Star Gazing with Playwright Lisa Schlesinger ~ View From The Keyboard

Lisa Schlesinger is an award-winning playwright and faculty member of Columbia College Chicago where she coordinates the interdisciplinary Playwriting Major. She has traveled extensively, working with a number of national and international theatre companies. The breadth of her interests is evident in the variety of works she writes; among these pieces is Celestial Bodies, an excerpt of which is posted below.

Lisa: I am a kitchen table writer. I always have been. I often lived in tiny places with room for one table. When my kids were young, I would write when they were napping or asleep. I keep note cards so I know what I have done and what I still need to do. I lay them out on the table when I am working and stack them up when we use the table for other things.  I write like I cook. Some processes are slow, they need “rise” time and some projects I write on all day everyday  until I have a draft. I write where I fold the laundry, eat breakfast, and knead dough.  Now my daughter works here too. This table was built by Sam Mulgrew and the folks at Trappist Caskets at the New Mellarey Abbey; they harvest wood from old growth forest. It was a barter (editing for table). It’s made from two boards cut from a walnut tree–it must have been huge. If you look closely you can see the grain  like open sandwich bread. It’s great to write on–it’s full of history and life. In the background is my trusty companion, Django, behind him is my garden.
Celestial Bodies will be performed on the Mainstage for  Columbia College Chicago’s 2011-12 Mainstage Season, directed by Will Casey. It was recently shortlisted for The Internationalists’ Playwriting Prize and Act I was published on BACKSTREETLIVE.com earlier this year.  No website yet but I can be reached at Lschlesinger@colum.edu or inquiries via Charlotte Knight at The Rod Hall Agency Ltd. London  office@rodhallagency.com


ACT I

SCENE  1  – 1598 Via Borgo dei Vignali

(Marina holds candle up to read a sign.)

MARINA

Universite de Padua.   Galileo Galilei, Mathematician. (Accidentally blows out the flame.) Shit.

(She takes out a tinderbox, opens it. No Gregorian Chant. Tries to strike the flint. Looks like she might puke. Looks up for a nun on strings. None. A lamp in a second story window is lit.)

GALILEO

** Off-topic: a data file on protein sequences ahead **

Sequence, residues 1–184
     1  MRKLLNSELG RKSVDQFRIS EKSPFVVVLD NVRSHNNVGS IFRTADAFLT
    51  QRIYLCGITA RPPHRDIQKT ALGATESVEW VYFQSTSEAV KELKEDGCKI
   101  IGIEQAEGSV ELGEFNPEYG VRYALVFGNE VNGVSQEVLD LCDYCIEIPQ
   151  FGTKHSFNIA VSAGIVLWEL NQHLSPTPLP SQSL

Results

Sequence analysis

You again? Every night.  Rats. Indigents. Star gazers. Where are you from?  The Informoso Nazionale? (beat) What do you want from me?

MARINA

Excuse me, sir, I want

GALILEO

A story? Make something up. You make it all up anyway. You’re not worth the paper you’re printed on.

MARINA

/to know Something:

GALILEO

I have students here.  Nobles. No paparazzi allowed.

MARINA

Is there such a thing as a moving

GALILEO

Do you hear me?

MARINA

/Star? Sir?

GALILEO

Get away from my house.

(He takes off his boot and throws it at her. She ducks. He throws the second one at her.

And it’s professor, not sir.  Now scram.

(He throws the lantern out the window. The flame shoots high in arc to the floor and goes out. It smashes. She puts on the boots and runs off.)

End Scene 1

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Keep Calm and Carry On ~ A View From The Keyboard

The first of our submissions to the series “View From The Keyboard” comes from almost-done Columbia College Chicago Creative Writing-Fiction MFA candidate Kathy Churay. Even as she scrambles to complete her thesis (a story of grief, alcohol, bagpipes, and love), Kathy has taken time out to send this photo of her writing space.

Kathy: Here’s a photo of my bedroom writing desk.  I share an apartment so this is the only place I can go to shut the door.  It’s a bit cramped, but it’s noise- and cat-proof.

Anxiety is ever-present when I write — thus the large poster over the desk.  The motto was originally designed to encourage civilians in London during the Blitz.  It’s a great reminder to me that not writing the Great American Novel isn’t such a big problem after all. ~

Thanks for the submission, Kathy!

A reminder that you, too, can submit your photo and words to templeofair@gmail.com. Please read the first post in this blog series to find out the guidelines for submission.

Coming soon: an excerpt from a play by award-winning playwright Lisa Schlesinger!←